Our straight connecting lines leave us no space to "be". It is because we have no space to 'be' that we cannot find our way home. Connections have caused us to lose ourselves.

As a cybernetician however, I'm aware we can do funny things with connections. Feedback is the way back to meandering. But because feedback is made out of connections, the connecting mentality assumes that meandering is in fact connecting. That's a meta-connection - the connection that our clever connecting brains make out of understanding connections. But it's wrong.

It's all a bit like Popper Clocks and Clouds. Are clocks clouds? Are clouds clocks? But I can't help thinking that like most philosophers Popper was a connecting man. Deep down, his clouds were clocks.

Wednesday 2 April 2014

Values, Practice and Theory in Educational Technology and Society

There is an immense array of different kinds of activity which go on in education. It seems reasonable to say that education is a microcosm of society: much of the knowledge we have about each other's likely behaviour comes from the social experiences in school. We know how the bully, or the swot, or the joker, or the procrastinator, or the team-builder will behave partly because we got to know these people in the classroom. We got to know them particularly because our lives were framed by the educational universe with its shared activities, obligations and responsibilities. But this is all personal knowledge. What if we were to try and formalise the knowledge we gain from education and apply it to social thinking?

There are plenty of social theorists out there, and there are plenty of theories about how society works. There are also rather few effective theories of education (is there one??). Why might that be? Well, my guess is its easy to theorise about something that remains essentially abstract: whilst social structures may well be real, we don't understand them properly, and the typical academic response to not understanding something properly is to focus on universals, not particulars, and to mind one's own academic career in talking about abstractions. Education, on the other hand, is inescapably concrete. The kid who can't write, or the teacher who's incredibly boring (or exciting) are very real and individual phenomena. The complexity of explaining it is enormous. In education we seem incapable of grasping real subjectivity; instead, we accept (uncritically) abstract subjectivity - a neo-Kantian transcendental subject - ideal subjects who fit ideal theories. Real learners, real teachers and real schools go out of the window.

I want to find a way in which we can map experiences in education onto experiences outside it (I'm doing this for a bid at the moment). Originally, I thought that we could categorise forms of activity, and map them across different domains (I blogged about that here: http://dailyimprovisation.blogspot.co.uk/2014/03/from-forms-of-knowledge-to-forms-of.html) I don't want to throw the baby out with the bathwater, but now I think the mapping exercise won't work. It is simply too difficult. But there is something deeper which might work.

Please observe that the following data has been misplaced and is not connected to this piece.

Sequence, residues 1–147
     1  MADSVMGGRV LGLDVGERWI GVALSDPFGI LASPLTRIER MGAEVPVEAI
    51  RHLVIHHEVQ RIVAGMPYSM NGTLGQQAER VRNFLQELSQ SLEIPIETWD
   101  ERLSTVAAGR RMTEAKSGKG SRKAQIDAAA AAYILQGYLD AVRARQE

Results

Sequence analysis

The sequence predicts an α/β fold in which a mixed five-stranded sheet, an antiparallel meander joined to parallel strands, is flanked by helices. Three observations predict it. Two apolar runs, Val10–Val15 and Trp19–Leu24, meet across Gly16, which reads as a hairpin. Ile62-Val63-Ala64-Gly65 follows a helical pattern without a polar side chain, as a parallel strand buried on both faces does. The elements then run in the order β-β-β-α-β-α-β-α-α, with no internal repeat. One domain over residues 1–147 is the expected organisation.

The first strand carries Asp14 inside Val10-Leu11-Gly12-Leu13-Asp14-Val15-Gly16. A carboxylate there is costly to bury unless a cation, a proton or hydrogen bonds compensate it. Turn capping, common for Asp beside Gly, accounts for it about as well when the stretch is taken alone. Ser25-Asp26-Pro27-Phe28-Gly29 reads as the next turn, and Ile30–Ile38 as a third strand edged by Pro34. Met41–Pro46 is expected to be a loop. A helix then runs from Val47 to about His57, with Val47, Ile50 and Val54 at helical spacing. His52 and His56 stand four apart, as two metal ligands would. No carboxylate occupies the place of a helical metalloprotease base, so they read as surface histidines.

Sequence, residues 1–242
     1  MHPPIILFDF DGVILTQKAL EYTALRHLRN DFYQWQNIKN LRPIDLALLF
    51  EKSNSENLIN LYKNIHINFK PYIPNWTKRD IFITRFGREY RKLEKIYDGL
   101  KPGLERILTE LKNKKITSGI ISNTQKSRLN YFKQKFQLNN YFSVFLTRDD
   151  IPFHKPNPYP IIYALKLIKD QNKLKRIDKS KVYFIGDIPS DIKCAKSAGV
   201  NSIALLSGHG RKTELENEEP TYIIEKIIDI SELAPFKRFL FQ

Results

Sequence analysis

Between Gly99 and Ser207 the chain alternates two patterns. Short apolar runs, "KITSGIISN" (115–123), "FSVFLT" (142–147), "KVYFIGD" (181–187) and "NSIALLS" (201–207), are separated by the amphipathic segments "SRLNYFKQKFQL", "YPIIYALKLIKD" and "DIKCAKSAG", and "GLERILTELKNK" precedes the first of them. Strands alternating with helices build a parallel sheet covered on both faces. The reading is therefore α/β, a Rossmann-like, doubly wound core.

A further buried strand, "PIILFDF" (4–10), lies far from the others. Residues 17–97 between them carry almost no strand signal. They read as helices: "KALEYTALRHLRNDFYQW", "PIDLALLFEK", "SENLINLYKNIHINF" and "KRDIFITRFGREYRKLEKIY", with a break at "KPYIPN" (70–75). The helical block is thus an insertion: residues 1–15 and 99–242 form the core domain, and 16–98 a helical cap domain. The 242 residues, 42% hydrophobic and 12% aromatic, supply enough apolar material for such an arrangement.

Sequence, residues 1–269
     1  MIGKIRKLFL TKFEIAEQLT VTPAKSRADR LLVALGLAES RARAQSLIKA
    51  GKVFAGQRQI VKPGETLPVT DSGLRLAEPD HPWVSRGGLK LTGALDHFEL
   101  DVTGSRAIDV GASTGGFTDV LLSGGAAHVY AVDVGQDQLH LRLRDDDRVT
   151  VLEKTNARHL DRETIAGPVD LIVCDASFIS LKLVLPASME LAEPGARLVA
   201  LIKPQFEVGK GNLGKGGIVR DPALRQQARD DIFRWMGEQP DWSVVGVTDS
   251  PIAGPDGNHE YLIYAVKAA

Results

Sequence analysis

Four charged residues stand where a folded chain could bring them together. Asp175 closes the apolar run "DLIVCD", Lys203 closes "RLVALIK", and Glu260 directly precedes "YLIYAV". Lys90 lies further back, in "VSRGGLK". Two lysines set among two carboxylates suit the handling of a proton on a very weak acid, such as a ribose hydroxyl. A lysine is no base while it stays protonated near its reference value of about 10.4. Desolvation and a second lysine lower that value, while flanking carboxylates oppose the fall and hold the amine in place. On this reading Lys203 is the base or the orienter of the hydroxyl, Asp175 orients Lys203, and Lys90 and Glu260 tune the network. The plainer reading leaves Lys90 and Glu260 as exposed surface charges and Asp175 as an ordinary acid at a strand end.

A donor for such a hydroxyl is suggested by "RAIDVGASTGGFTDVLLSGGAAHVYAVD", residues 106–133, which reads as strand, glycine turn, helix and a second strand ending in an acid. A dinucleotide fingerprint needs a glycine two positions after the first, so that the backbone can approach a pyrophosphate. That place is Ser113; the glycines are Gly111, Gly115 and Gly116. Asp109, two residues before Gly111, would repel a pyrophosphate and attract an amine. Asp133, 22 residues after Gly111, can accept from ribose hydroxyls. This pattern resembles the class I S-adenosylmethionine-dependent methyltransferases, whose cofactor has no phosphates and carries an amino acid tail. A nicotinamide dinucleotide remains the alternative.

Everybody, whether they are an academic sociologist, or a practising teacher, has core values about what they are doing, why, what matters and what doesn't matter. Values are rather like personal 'fault lines': they exist at the limits of the disparities between the different sets of understandings we possess. Even the most mild-mannered academic can be hot blooded and aggressive if they feel their values are under threat. Values are tied up with identities. In academics they are also tied up with theories about the world. With teachers, they are tied up with approaches to teaching and learning and attitudes to learners.

So what if we simply present academics and practitioners with a list of values like "trust", or "commitment", or "responsibility" or "obligation" or "privacy" or "identity" and ask them to describe what they mean to them? Then we ask them to describe how this description fits with their broader description of the world. What will emerge? Well, my guess is that there will be differences between value descriptions not just between different academics, but between teachers and academics. Theoretical descriptions will not fit the world of practical experience. We see this is Educational Technology interventions all the time. And these gaps between theory and practice can be a driver for coordinating collaborative action between stakeholders (of course, there's another value in 'collaboration'!).

More interestingly, though, from the perspective of learning about education and society, we can run the same exercise with any group of stakeholders - it doesn't have to be in education (although education does provide us with a platform with which we can experiment - particularly with technology). In business, stakeholders also have at heart descriptions of what these value statements mean. They act in accordance with this. How does their understanding of core values relate to understandings in education? How do their practices translate into education? What new inconsistencies between theory and practice might be revealed by making the comparisons between values in education and values in industry? Again, it is the tension between theory and practice which drives the innovation and drives the theoretical rethinking.

In the end, we get to policy makers. They too have values. How to their values relate to the values in education, or the values in industry? Where are theory-practice gaps in policy-making? What can be done to address them?